If Shakespeare, according to Gore Vidal, did not care about the afterlife of his work, when did writers begin to show concern about their legacy? Perhaps more importantly, what is the significance of the role taken by other people (scholars, family members, lovers) to collect and archive their work as a body of singular distinction?
This summer I will undertake research that aims to chart the development of interest in literary legacy over the course of the long eighteenth century. While authors such as Daniel Defoe and Laurence Sterne wrote about being famous in their own contemporary moment, Romantic writers such as William Godwin and Percy Shelley begin to show significant interest in what I call “literary afterlife.” One of the key claims of this project is that legacy is not the same thing as fame, immortality, or transcendence. Instead, legacy is the work of collective labor rather than individual genius. It is a finite, temporal practice that must be endlessly renewed and regenerated for future communities. I am especially interested in histories that are forgotten—or remain untraceable—by the canonical and institutional formation of singular identities.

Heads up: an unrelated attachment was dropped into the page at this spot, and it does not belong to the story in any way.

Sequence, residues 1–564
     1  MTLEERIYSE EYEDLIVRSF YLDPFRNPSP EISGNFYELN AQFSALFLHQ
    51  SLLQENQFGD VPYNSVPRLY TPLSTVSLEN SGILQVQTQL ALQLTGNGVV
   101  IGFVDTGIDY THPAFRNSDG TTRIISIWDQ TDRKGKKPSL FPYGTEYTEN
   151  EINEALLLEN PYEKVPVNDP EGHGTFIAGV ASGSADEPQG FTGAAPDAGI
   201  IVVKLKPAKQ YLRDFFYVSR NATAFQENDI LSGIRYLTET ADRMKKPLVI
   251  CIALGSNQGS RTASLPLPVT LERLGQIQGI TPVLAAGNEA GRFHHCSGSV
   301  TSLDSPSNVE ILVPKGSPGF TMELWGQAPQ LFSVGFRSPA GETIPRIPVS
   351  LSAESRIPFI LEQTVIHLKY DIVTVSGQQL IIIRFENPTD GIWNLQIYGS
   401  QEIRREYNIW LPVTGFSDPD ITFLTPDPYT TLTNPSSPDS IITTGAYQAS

The first phase of this research will concentrate on the poetic legacy of Percy Shelley. I will read papers related to the history of the construction of Shelley’s archive at the Bodleian Library as well as various theoretical readings about memory, time, and identity.